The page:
1 portrait on display in Room 16 at the National Portrait Gallery
attributed to Sir James Thornhill
chalk and pencil, 1724
12 3/4 in. x 9 7/8 in. (324 mm x 251 mm)
Click on the links below to find out more:
Artistback to top
- Sir James Thornhill (1675 or 1676-1734), Decorative painter and politician; MP for Weymouth and Melcombe Regis; father-in-law of William Hogarth. Artist associated with 23 portraits, Sitter associated with 14 portraits.
This portraitback to top
When folk hero John Sheppard was finally captured and condemned to death, Sir James Thornhill paid Sheppard's jailors so that he could draw him shortly before his execution. Sheppard had been convicted for burglary but his escapes from prison had won him fame and popular support. Thornhill's sympathetic portrait circulated widely as an engraving, generating money and prestige for the artist. A poem in the British Journal, addressed to Thornhill, told how:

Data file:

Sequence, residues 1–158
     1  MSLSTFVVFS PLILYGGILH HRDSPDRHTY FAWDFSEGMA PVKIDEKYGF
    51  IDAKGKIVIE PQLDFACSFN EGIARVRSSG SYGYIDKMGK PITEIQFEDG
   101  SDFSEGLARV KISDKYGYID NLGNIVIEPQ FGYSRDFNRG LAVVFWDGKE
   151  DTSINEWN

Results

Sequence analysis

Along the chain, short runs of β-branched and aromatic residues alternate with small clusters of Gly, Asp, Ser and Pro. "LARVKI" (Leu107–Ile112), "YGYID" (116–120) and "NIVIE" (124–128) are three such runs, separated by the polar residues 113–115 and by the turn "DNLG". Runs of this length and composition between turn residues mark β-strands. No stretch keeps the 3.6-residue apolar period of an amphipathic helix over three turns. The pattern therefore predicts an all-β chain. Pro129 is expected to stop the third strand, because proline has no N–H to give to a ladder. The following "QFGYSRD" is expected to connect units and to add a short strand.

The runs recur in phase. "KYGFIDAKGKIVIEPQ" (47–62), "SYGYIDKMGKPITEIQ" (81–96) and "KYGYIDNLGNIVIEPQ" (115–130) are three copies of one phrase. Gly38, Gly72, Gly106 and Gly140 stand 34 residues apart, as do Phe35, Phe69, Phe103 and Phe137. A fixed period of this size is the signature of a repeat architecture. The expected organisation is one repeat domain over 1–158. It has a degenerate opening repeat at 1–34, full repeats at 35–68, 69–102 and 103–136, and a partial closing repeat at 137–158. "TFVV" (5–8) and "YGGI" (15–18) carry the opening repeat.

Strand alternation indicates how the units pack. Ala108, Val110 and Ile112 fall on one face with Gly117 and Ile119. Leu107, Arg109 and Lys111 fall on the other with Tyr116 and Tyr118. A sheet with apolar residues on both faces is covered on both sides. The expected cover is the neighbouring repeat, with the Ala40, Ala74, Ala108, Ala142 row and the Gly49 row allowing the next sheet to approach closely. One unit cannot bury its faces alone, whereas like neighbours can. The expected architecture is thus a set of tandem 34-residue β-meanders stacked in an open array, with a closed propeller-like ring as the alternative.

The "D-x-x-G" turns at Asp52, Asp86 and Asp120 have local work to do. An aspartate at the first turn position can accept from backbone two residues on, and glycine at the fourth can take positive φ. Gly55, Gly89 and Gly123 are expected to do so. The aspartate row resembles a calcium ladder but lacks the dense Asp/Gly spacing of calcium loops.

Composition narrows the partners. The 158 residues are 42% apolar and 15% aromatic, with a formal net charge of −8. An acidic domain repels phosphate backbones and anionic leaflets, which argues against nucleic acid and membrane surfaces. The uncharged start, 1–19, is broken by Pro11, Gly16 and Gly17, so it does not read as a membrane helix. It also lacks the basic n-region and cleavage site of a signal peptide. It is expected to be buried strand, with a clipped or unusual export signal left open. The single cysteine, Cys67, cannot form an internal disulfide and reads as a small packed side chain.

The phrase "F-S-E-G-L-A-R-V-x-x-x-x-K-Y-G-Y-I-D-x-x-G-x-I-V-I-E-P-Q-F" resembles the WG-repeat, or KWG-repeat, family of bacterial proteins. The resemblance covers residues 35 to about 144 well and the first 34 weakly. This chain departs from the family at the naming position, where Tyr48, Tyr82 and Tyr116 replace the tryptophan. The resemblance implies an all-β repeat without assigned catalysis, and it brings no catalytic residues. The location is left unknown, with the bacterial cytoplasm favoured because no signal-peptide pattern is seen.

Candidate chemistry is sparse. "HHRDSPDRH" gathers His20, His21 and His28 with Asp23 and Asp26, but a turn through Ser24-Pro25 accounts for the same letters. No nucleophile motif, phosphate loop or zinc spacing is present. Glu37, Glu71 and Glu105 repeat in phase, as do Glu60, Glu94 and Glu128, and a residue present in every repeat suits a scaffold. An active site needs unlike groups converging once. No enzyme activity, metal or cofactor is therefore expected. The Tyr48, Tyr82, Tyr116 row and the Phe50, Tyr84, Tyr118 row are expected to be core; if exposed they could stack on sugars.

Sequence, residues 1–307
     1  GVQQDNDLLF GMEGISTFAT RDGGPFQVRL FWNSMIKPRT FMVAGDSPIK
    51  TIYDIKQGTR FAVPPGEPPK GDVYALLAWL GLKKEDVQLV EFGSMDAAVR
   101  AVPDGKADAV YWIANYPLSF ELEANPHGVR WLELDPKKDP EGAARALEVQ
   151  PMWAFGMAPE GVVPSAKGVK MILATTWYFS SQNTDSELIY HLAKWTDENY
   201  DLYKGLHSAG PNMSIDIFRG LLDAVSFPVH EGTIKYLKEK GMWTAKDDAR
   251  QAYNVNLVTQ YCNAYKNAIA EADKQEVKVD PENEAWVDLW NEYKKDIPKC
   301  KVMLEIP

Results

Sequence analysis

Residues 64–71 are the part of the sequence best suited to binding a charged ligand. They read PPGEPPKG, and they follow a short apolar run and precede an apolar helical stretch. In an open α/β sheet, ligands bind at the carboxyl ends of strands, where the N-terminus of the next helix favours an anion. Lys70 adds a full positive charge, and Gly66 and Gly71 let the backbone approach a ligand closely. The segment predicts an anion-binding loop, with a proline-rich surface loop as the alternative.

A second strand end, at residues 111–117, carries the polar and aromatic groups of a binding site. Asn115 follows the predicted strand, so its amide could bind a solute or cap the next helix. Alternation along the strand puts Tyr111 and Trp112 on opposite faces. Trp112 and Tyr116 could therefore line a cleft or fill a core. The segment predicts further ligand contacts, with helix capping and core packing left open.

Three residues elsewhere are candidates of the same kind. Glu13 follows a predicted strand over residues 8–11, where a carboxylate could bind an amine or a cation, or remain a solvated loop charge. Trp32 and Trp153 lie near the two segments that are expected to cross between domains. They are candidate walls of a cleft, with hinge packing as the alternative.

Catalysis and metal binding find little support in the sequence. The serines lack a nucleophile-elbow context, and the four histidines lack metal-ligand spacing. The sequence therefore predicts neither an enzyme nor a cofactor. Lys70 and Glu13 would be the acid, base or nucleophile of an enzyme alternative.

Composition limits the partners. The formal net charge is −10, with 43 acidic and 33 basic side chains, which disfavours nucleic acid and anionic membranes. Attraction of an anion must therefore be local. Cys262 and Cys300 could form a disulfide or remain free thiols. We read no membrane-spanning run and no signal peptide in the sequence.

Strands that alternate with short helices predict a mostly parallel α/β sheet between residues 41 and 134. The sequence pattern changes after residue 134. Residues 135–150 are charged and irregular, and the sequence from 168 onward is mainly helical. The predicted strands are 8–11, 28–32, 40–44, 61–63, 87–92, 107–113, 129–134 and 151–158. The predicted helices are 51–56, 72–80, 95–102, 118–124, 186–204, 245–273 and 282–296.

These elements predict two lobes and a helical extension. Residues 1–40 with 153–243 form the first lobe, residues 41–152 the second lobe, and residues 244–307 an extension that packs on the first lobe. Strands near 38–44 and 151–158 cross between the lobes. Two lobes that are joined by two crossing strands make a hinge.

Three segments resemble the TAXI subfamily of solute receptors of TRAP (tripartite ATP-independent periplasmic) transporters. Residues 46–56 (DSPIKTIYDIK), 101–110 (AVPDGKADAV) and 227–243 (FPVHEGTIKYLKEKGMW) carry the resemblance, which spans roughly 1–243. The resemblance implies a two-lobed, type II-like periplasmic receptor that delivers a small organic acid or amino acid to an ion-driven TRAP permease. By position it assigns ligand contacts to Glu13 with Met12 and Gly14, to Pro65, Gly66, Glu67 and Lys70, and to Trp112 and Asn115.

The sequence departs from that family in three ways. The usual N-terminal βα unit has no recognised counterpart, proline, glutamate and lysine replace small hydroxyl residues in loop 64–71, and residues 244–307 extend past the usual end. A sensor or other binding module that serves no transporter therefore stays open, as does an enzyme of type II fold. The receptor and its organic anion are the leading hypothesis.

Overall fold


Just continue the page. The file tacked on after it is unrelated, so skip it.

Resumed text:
Thy Pencil brings a kind Reprieve,
And bids the dying Robber live.
More detailed information on this portrait is available in a National Portrait Gallery collection catalogue, John Kerslake's Early Georgian Portraits (1977, out of print).
Related worksback to top
Linked publicationsback to top
- Kerslake, John, Early Georgian Portraits, 1977, p. 249
- Saywell, David; Simon, Jacob, Complete Illustrated Catalogue, 2004, p. 562
Linked displays and exhibitionsback to top
- The Art of Drawing: Portraits from the Collection, 1670-1780 (19 October 2012 - 19 May 2013)